Ronald D. Morse, Virginia Tech (emeritus)
Continuous no-till is difficult to achieve in organic production, but “rotational no-till” may offer a more feasible approach as part of an organic reduced-tillage system. Using this approach, fields are tilled after harvest and before planting a high-biomass cover crop, but both termination of the cover crop and the subsequent cash-crop planting are handled using no-till methods. This strategy provides weed management while offering some of the other benefits of growing a no-till cover crop, notably soil health improvements. The cover crop is usually killed by roll-crimping, flail mowing or winter kill, followed by no-till planting of transplanted or large-seeded vegetable or row crops. Examples of this strategy:
- transplanting tomatoes and peppers into roll-crimped winter rye and hairy vetch
- planting fall brassicas into flail-mowed summer foxtail millet and soybeans
- planting early spring vegetables into winter-killed oats and peas
Whereas a reduced-tillage system such as this can enhance soil quality, reduce annual weeds and give good yields, organic conservation tillage systems are not recommended for fields in which the population of weed seeds (weed seedbank) is extremely high and/or when perennial weed species such as Canada thistle, yellow nutsedge and Johnsongrass dominate the weed flora . When they emerge from rootstocks, tubers or rhizomes, these weeds can grow through even a heavy cover crop mulch and compete severely with a no-till planted crop. Before attempting no-till cover crop management, first attempt to bring existing weed problems under control, as discussed in the section, “Remedial Practices for Improving Weed Management and Soil Health.”
Other factors can influence the likelihood of success with no-till planting into a cover crop mulch.To generate an adequate weed-suppressing mulch: at termination, ensure the cover crop is mature (at heading/flowering with pollen shed); is nearly weed free (with less than 5 percent of aboveground biomass consisting of weeds); and has developed at least three tons of dry weight biomass. This level of biomass is usually achieved when the stand is solid and 3–4 feet tall, the ground cannot be seen when viewed from above, and thoroughly air-dried clippings from 1 square yard weigh about 1.5 pounds. Include cover crop species that provide a persistent mulch, such as a cereal grain or other grasses. Buckwheat, crucifer (e.g., radish or mustard) or all-legume cover crops tend to break down too rapidly to provide weed suppression.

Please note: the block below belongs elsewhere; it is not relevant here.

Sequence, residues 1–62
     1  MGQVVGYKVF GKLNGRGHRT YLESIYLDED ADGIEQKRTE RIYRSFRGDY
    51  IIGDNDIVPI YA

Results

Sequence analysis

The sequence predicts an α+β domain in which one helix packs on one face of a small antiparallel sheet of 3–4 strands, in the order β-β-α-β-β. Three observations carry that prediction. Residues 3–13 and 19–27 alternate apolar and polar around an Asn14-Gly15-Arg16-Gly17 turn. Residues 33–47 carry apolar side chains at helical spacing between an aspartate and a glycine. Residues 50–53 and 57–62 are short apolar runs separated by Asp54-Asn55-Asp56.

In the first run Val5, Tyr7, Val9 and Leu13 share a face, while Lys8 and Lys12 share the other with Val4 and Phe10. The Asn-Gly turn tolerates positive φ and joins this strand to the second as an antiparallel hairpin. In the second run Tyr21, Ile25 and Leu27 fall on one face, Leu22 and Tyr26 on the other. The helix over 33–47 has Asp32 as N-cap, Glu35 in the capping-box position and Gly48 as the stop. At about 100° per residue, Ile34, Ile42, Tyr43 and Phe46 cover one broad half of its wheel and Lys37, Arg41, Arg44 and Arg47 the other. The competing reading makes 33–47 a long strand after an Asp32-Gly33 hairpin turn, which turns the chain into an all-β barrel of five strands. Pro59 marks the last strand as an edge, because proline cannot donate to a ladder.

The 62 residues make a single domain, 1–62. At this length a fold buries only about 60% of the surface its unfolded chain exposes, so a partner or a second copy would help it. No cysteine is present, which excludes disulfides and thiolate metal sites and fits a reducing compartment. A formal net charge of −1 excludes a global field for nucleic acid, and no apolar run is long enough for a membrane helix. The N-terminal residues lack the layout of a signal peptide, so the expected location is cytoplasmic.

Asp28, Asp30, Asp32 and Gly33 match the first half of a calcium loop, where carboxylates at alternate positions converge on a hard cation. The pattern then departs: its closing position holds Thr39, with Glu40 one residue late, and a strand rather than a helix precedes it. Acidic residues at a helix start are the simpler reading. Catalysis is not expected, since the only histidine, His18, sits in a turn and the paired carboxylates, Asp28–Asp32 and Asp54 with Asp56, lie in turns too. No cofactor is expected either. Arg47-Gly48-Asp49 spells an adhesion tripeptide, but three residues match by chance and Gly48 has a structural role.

New developments in non-chemical weed control tools and tactics can make rotational no-till more practical in organically managed fields with moderate weed pressure. Examples include high-residue cultivators, tractor-drawn weed pullers and thermal weed control based on hot water or steam rather than flaming, which can be a fire hazard in the presence of dry cover crop residues.
Also consider historic and current weed and pest issues in a field that may receive mechanical cover crop termination. If the field has been converted from sod to annual production within the previous year, bits of sod may be present that can regenerate and become perennial weeds without an herbicide to control them. Additionally, use caution if slugs, squash bugs and other pests that typically thrive in organic mulch have recently been a problem.
Considerations beyond weed management play a role in deciding whether to use organic no-till management. The type of soil will influence success with a crop following no-till cover crop termination, including whether the soil is heavy or clayey and slow to drain or warm up, or is light to medium in texture, well drained and quick to warm up. In addition, soil health plays an important role in successful organic no-till, as these systems rely on a vigorous and diverse soil biota (or soil food web) to release nitrogen (N) and other nutrients from cover crop residues. A no-till cover crop residue keeps the soil cooler and leaves more residue on the soil surface, which leads to a slower rate of N mineralization compared to incorporating the cover crop, or green manuring. So, a crop such as spring spinach or broccoli that requires a lot of N in a short amount of time early in the season when soil temperatures are lower may experience an N deficiency under no-till cover crop management, especially in heavier soils. Due to the slower start that a no-till residue gives to subsequent crops, it may not be ideal when trying to capture an early spring market for a particular crop such as tomatoes.